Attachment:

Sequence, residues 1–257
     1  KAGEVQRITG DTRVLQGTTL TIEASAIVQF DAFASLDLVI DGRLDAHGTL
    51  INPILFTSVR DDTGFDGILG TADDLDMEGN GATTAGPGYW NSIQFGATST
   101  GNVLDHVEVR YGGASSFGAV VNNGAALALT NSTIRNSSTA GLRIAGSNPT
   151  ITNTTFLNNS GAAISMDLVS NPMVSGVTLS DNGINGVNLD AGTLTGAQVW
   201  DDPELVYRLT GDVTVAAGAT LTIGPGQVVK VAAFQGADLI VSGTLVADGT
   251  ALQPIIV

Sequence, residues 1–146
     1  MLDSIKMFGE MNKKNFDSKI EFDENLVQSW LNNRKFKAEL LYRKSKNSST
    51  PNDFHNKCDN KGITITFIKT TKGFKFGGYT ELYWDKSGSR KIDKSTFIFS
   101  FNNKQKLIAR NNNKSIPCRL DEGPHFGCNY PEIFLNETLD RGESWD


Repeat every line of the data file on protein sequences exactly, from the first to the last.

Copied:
Sequence, residues 1–257
     1  KAGEVQRITG DTRVLQGTTL TIEASAIVQF DAFASLDLVI DGRLDAHGTL
    51  INPILFTSVR DDTGFDGILG TADDLDMEGN GATTAGPGYW NSIQFGATST
   101  GNVLDHVEVR YGGASSFGAV VNNGAALALT NSTIRNSSTA GLRIAGSNPT
   151  ITNTTFLNNS GAAISMDLVS NPMVSGVTLS DNGINGVNLD AGTLTGAQVW
   201  DDPELVYRLT GDVTVAAGAT LTIGPGQVVK VAAFQGADLI VSGTLVADGT
   251  ALQPIIV

Sequence, residues 1–146
     1  MLDSIKMFGE MNKKNFDSKI EFDENLVQSW LNNRKFKAEL LYRKSKNSST
    51  PNDFHNKCDN KGITITFIKT TKGFKFGGYT ELYWDKSGSR KIDKSTFIFS
   101  FNNKQKLIAR NNNKSIPCRL DEGPHFGCNY PEIFLNETLD RGESWD